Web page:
Tag Archives: magic

Love and magic

Love is supposed to magically save you. The mere existence of the right person is supposed to make everything right. I’ve had people ask me in the past why being in a relationship hadn’t cured my depression. I’ve had people who love me distressed because they believe their love should be enough to fix me.

Love is magic, and can fuel magic, but at the same time it isn’t a magic cure for all ills. It also isn’t reliably enough. Love isn’t enough if you are cold, hungry, exhausted and in pain. Sure, love might carry you through a short bout of that, but it will not let you live there long term. Nor should it. Love is not a substitute for all your other basic needs. 

Depression has many causes – massive stress being a common underlier. Love won’t save you from a toxic work culture. It won’t fix your financial insecurity necessarily, or cure your health problems. It also won’t undo past trauma. Your lover is not your therapist, not your life coach, not your psychoanalyst, not a substitute for your parents… It is not the job of the person who loves you to make up for everything in your past, fix all your problems and sort your life out. 

When we think love is supposed to magically fix everything, we can end up putting impossible pressure on the people we love.

What love can do, is provide a safe space where people feel able to fix themselves. The love, belief and support of another human can help us feel resourced enough to square up to our problems and see what can be done about them. Love opens us up to the idea of helping each other and supporting each other. Rather than a hetranormative romance take where one person magically saves the other, we can have networks of support and care. Love doesn’t have to mean romantic love, and the idea that the person we are shagging is supposed to meet our every need is questionable.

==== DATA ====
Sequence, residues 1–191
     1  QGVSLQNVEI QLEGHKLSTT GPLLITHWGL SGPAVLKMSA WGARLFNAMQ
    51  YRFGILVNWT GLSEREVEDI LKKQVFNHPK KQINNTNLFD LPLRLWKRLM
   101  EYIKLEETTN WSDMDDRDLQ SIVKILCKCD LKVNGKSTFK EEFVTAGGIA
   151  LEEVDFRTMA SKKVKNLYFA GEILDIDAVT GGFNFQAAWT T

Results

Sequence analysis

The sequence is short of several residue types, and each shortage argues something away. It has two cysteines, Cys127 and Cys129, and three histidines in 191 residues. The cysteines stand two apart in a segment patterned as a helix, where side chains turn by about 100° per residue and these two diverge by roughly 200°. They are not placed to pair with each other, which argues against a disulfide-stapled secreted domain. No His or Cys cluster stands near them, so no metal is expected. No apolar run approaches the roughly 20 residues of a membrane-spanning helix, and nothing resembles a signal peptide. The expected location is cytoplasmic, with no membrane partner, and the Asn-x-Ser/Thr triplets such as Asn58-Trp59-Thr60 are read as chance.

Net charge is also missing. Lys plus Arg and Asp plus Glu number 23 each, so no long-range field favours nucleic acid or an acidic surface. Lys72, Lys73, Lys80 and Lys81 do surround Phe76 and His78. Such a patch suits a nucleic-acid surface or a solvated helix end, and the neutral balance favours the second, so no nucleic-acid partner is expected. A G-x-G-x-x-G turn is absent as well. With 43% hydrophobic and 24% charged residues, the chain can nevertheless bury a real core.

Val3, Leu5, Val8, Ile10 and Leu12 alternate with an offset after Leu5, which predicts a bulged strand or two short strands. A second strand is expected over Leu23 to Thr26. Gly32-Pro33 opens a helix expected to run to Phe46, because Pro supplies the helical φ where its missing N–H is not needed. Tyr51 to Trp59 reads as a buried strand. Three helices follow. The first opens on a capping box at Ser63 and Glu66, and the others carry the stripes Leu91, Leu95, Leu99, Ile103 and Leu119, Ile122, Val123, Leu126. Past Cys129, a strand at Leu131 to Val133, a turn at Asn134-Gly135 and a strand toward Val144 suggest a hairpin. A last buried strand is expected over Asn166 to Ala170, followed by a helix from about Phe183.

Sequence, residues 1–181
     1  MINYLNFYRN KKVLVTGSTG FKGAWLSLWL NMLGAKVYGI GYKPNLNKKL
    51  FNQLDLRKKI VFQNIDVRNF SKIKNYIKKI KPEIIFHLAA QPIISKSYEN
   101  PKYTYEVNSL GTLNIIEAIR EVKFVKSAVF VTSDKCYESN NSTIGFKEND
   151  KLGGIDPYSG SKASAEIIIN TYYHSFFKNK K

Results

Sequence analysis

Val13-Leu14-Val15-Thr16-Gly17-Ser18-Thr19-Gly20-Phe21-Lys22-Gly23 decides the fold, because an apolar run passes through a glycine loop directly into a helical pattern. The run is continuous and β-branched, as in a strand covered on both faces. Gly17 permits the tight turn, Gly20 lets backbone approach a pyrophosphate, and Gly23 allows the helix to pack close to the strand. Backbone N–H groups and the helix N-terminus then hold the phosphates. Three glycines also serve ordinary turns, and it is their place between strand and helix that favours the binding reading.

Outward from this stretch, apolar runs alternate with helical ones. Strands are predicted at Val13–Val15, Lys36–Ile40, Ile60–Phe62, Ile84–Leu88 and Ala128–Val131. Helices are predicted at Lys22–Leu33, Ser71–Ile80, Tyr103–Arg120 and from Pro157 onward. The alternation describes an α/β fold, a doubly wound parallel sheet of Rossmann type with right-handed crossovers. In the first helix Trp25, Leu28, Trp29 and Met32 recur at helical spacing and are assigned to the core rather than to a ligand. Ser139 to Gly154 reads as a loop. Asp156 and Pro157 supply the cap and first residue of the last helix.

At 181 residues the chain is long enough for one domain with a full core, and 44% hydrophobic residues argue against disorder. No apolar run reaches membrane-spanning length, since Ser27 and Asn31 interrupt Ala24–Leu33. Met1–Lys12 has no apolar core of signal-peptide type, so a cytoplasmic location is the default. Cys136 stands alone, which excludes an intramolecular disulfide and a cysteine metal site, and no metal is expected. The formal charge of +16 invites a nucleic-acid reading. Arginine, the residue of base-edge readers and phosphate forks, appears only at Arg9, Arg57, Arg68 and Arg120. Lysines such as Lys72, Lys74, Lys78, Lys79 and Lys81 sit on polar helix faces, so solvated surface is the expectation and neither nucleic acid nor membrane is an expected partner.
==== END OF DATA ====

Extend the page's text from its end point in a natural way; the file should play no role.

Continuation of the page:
There are many ways to love. In that love, we can grow together and find shared solutions. Most of our problems are not individualistic. It’s just that keeping us focused on individual solutions that don’t really exist keeps us from making real change. I don’t think this is an accident. Love can save us, but not in the way that happens in movies. Love of life, of community, of friends – that can save us. Love of fairness and justice, compassion and dignity can save us. We can definitely save each other, but not by magic. It’s going to take work.

But then, it’s when you show up to do the work that both love and magic become truly possible and truly powerful.


Planning a ritual

Rituals can be very small things for one person, through to elaborate hours or days of activity for a group. When it comes to group rituals, there’s a huge amount of scope for getting things wrong for some or all of the people involved. That might be a topic for another day. When it comes to solitary rituals, you can approach this from the position that you can’t get it wrong.

You can of course set yourself up to fail. You can load your ritual with expectations that you are unable to meet. This is most likely to be an issue if you focus on the outcomes you want from the ritual and not the process of doing it. Rituals that centre on spells can be very outcome oriented, but for a Druid there are other ways of approaching things.